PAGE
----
Head of NHL player safety Brendan Shanahan talks about some of the recent suspension and non-suspensions in the league.
Head of NHL player safety Brendan Shanahan talks about some of the recent suspension and non-suspensions in the league.
Thatcher Demko warming up prior to an AHL game against the Toronto Marlies at Air Canada Centre. The 21-year-old is 7-5-1 with a 2.59 G.A.A. and a .909 save percentage in 14 AHL games this season.
The Canucks 2014 second-round pick is 7-5-1 with a 2.59 G.A.A. and a .909 save percentage in 14 American Hockey League games this season.
Vancouver's goaltending depth could get tested this weekend as the Canucks play back-to-back in Florida on Saturday night and then in Washington on Sunday.
Ryan Miller pulled himself during the third period of Thursday's 5-1 win in Tampa Bay due to what Iain MacIntyre of The Vancouver Sun reported is an ankle injury. With Miller hurting, the Canucks have recalled Thatcher Demko from the American Hockey League's Utica Comets.
Demko will serve as Jacob Markstrom's back-up in Florida. The 6-foot-4, 195-pound Boston College product was ranked No. 57 on THN's list of Top 100 prospects 21 and under in November.
The 21-year-old, in his first pro season, started slowly losing his first four starts while allowing 21 goals-against in his first six AHL starts with the Comets, but has since settled down going 5-1-0 in his last six starts with a 1.50 G.A.A. and a .945 save percentage entering Friday's game against the Binghamton Senators.
"Thatcher has been humbled more and more and he’s learning his way in Utica — and that’s what we’re looking for. He’s able to get past the bad and good performances really quickly, and that’s a good sign for No. 1 goalies," Canucks goaltending consultant Rollie Melanson told The Vancouver Sun. “He’s getting more and more quiet in the goal as he gets more experience. Between what we do on the ice and what we do in the video room, he’s really starting to understand where we need to go. He’s going to be a good pro."
It's uncertain whether the Canucks 2014 second-round pick will get into game action over the weekend. Following Sunday's game, Vancouver travels to Carolina to play the Hurricanes on Tuesday before returning home to open a four-game home stand against the Tampa Bay Lightning on Friday.
Cal Clutterbuck and John Tavares
Cal Clutterbuck’s five-year extension won’t bite the Islanders for a couple of seasons, but when it does, it could cost the Islanders more than just money and cap flexibility.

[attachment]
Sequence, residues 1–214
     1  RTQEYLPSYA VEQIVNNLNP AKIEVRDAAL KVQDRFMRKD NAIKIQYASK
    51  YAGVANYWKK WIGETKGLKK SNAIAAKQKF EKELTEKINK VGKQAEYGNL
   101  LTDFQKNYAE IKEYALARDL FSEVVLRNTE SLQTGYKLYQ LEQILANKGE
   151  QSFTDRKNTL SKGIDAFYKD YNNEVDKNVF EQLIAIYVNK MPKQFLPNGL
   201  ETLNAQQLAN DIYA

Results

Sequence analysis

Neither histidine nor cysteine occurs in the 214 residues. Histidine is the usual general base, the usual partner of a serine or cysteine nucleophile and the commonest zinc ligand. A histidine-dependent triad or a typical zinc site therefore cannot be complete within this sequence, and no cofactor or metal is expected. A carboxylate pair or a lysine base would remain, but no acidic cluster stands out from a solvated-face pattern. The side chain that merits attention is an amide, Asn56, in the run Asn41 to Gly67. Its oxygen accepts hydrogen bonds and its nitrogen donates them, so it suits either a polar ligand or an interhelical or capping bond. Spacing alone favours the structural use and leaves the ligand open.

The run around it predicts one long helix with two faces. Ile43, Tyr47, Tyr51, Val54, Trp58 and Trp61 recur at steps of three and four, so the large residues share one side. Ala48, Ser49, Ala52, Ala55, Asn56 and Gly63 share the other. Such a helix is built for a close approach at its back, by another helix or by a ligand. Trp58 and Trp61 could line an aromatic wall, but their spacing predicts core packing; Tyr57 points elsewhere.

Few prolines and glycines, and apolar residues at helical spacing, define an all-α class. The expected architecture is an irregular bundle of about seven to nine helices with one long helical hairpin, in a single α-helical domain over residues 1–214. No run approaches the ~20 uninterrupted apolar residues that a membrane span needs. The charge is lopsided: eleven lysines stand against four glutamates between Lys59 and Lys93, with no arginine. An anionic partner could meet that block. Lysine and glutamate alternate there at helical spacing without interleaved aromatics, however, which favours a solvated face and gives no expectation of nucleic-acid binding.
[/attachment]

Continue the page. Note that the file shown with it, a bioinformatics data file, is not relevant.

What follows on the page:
Cal Clutterbuck is on pace to have his highest scoring season as a New York Islander, he’s averaging more ice time than he has in any other year with the club and he was given an alternate captaincy ahead of the campaign.
And even with all that, it’s hard to understand how exactly the Islanders saw fit to have the 29-year-old winger a five-year, $17.5-million extension.
Clutterbuck is undoubtedly one of the best at playing the specific role he plays, which is to say that if you’re looking for a hard-nosed player who’s going to put his body on the line, he’s your guy. Fans love him, teammates assuredly do, too, and he’s exactly the kind of bottom-six player that most GMs around the league would love to have on their team at the right price.
Problem is that it’s really tough to call $3.5 million per season the right price, and that’s exactly what Clutterbuck will be earning come the start of the 2017-18 campaign. That’s roughly the same cap hit as others such as Kyle Turris, Cam Atkinson, Joel Ward and Matt Read will be carrying next season, and that’s only to name a few.
Another worrisome part about the deal is that it’s hard to see how even the biggest fitness freak could maintain their ability to play Clutterbuck’s style into their mid-30s. The wear and tear on Clutterbuck’s body by the time he reaches the back-end of the contract could be substantial. Despite him playing up the lineup right now, he’s better suited to a bottom-six role and definitely will be later in his career. If he loses a step, $3.5 million will be a lot to fork over for a fourth-line winger and it’ll be a deal that’s near impossible to move.
But it goes beyond simply the signing of Clutterbuck, because there has now been a trio of deals handed out by Islanders GM Garth Snow that have been puzzling — and, truthfully, concerning — when it comes to the future of the team.
Ahead of free agency, there was the signing of Casey Cizikas to a five-year, $16.75-million deal. Then came the monster seven-year, $38.5-million contract inked by free agent Andrew Ladd. The Clutterbuck signing is No. 3.
It should be noted that the deals for Clutterbuck, Cizikas and Ladd don’t actually prevent the Islanders from doing all that much in the next two seasons. In fact, as of next season, every single current Islander forward will be locked up to a contract. Come 2018-19, when John Tavares becomes a free agent, the slate is wiped rather clean with the team able to operate with more than $40 million in cap space. Beyond Tavares, the Islanders’ UFAs come 2018-19 will include Josh Bailey, Nikolai Kulemin, Jason Chimera, Mikhail Grabovski and Thomas Hickey.
And $40-plus million can buy you a lot, and certainly it will allow the Islanders to hang on to Tavares, if he chooses to remain with the team. (Not to say he won’t, but a lot can happen between now and July 2018.) All the UFAs, save maybe Bailey and Hickey, will be allowed to head elsewhere, as well. A restricted free agent deal for Brock Nelson could be pricey, but the Islanders should realistically be able to lock him up. As of right now, the Islanders will also be without an NHL goaltender under contract, but there will be stop-gap options available. So, yes, the Islanders should be fine in 2017-18 and 2018-19.
However, things could get dicey after that.
Come 2019-20, the Islanders will watch Travis Hamonic become a UFA, see the end of entry-level deals for Mathew Barzal, Anthony Beauvillier, Joshua Ho-Sang and Michael Dal Colle and still have more than $12.3 million locked up in Ladd, Cizikas and Clutterbuck. Finding the money to lock up those five players, as well as any others who could be seeking new contracts around that time, will be incredibly difficult.